New Inquiry into Canberra’s cultural institutions
A parliamentary inquiry will look into Canberra’s national institutions, including the National Library, as they deal with the impact of cuts. Photo: Jamila Toderas.
Doug Dingwall, Inquiry launched into Canberra’s museums, galleries after funding, staff cuts, Canberra Times, 15 March 2018
A federal inquiry will probe Canberra’s national museum and galleries as they grapple with millions of dollars in funding cuts, forcing them to find new revenue and raising fears that government neglect could leave them forgotten.
Budget cuts hitting the ACT’s national institutions since the Coalition’s ascent to power in 2013 have been estimated at $30 million, and directors working with shrinking public funding have had to slash staff over multiple years.
The parliamentary inquiry, announced on Tuesday, is expected to investigate efforts by Australia’s national institutions to tap new, private revenue sources and find other forms of income as federal funding reduced.
Inquiry committee chair and Liberal MP Ben Morton said it was a chance for Canberra’s museum, galleries and library to take stock and look at what they needed, including support from both the public and private sector.
“Our national institutions are a very important part of our nation’s fabric, and our nation’s story is changing all the time. So it’s important that our national institutions telling our national story are achieving the objectives they’ve set out to achieve,” he said.
Mr Morton said he didn’t believe in “throwing money” at problems to solve them, but that the inquiry would look at whether museums, galleries and the National Library had the right level of funding.
“I do want to make sure that our national institutions are adequately resourced,” he said.
The committee is also expected to look at the process for establishing new national institutions, and will examine how they are governed.
Canberra Labor MP and inquiry deputy chair Gai Brodtmann said in a speech at Parliament House on Tuesday that proper funding for national institutions would retain the staff needed to preserve collections.
“We should not pretend the funding cuts to our cultural institutions are about cutting fat. They are not about cutting bone. The cuts run so deep that they are hitting vital organs,” she said.
“I welcome the opportunity for the Canberra community to participate in this inquiry and to reinforce to the committee – to this government – that it is only by properly funding our cultural institutions that we can ensure we have the exhibits and collections to share with people in Canberra, across Australia and internationally.”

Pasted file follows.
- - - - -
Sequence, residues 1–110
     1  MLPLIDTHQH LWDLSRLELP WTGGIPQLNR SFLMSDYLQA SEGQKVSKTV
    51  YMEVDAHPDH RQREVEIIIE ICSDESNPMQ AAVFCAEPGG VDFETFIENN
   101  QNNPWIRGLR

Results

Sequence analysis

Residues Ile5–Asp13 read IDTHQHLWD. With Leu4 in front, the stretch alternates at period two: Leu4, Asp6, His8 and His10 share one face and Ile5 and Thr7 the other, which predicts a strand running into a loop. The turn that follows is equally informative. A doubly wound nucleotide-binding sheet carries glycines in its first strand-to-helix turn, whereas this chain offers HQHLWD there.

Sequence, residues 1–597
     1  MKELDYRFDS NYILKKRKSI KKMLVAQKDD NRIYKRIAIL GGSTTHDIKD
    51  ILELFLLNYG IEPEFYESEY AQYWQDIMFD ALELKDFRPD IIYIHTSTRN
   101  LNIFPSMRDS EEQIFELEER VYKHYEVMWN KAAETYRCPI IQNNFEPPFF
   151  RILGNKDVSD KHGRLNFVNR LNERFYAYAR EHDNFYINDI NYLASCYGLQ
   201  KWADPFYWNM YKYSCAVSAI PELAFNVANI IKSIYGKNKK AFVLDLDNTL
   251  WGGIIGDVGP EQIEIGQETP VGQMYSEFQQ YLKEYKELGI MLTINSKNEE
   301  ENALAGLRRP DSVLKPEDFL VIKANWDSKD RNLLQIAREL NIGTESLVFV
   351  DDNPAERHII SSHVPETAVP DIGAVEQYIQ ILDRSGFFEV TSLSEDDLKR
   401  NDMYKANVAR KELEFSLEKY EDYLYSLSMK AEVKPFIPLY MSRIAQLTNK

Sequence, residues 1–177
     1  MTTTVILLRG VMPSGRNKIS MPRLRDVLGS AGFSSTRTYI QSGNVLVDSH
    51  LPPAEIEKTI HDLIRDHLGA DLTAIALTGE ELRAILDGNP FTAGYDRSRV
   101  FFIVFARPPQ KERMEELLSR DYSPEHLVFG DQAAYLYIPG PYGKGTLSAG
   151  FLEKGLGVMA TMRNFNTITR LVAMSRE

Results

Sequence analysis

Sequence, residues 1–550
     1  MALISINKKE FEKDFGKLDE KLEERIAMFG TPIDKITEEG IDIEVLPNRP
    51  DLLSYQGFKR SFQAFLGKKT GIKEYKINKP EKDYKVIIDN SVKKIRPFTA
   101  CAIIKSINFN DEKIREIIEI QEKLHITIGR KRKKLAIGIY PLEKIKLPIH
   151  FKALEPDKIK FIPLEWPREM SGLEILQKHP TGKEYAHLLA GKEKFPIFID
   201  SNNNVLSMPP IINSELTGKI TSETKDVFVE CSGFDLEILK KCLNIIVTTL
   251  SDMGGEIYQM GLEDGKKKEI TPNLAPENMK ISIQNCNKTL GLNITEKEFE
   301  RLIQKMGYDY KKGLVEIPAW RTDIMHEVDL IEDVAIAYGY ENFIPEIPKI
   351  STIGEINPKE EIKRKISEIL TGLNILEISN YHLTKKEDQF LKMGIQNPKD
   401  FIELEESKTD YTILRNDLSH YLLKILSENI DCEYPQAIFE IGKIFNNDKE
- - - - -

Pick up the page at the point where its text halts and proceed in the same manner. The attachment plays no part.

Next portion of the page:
Ms Brodtmann said it had been more than a decade since a review into national institutions by the Joint Committee of Public Accounts and Audit, and that the scope of its new inquiry was intended to be broad.
The main public sector union said Canberra’s national cultural institutions had never been in a worse state.
Community and Public Sector Union deputy secretary Beth Vincent-Pietsch said the inquiry was an opportunity to highlight the scale of the problem and to begin repairing damage caused by cuts under the Coalition.
“The CPSU conducted its own thorough review of the cultural institutions several years ago, highlighting the damage caused by years of so-called efficiency dividends, the government’s term for what in reality are savage and arbitrary cuts,” she said.
“Since then the situation has worsened considerably and we’ll be using this inquiry to highlight the short- and long-term impacts, and what needs to be done to preserve and restore the critical cultural heritage held collectively by these institutions.”
The union believed the inquiry should investigate the impact of funding cuts and the cap on staffing in agencies.
“Just as importantly, a light needs to be shone on the past and likely future damage caused,” Ms Vincent-Pietsch said.
“We believe the already terrible impacts of years of cuts will be increasingly visible to the public from now on. Exhibition spaces are closing, travelling exhibitions wound back and more than one institution have considered closing the doors some days a week in order to save money.”
In a study published last year in the Australian Journal of Public Administration, researchers from the CPSU found the federal government’s “wilful neglect” of Australia’s national museums, galleries and libraries was putting the nation’s shared history and heritage at risk.
Budget cuts had heaped pressure on staff, limited public access to collections, and put them at risk of being forgotten, it said.
One of Canberra’s national institutions continues to shed workers as it looks for savings amid budgetary pressures, as the National Archives of Australia admitted in February it would cut 40 jobs in two years as it tried to reduce its staff numbers to 320 by 2019-2020.
The National Portrait Gallery, the National Library and the National Gallery have had to shed jobs in recent years.
Canberra’s national gallery said last year it would not reverse a 10 per cent staffing cut despite a budget windfall restoring half its government funding slashed less than two years ago.
The National Gallery of Australia’s director Gerard Vaughan told senators at an estimates hearing in May it had to shed 20 of its 237 staff after a $3.94 million cut in December 2015.
The committee, which will also look at how national institutions create a brand and online presence, conduct outreach outside Canberra and experiment with new forms of public engagement, will accept written submissions until Tuesday, May 8.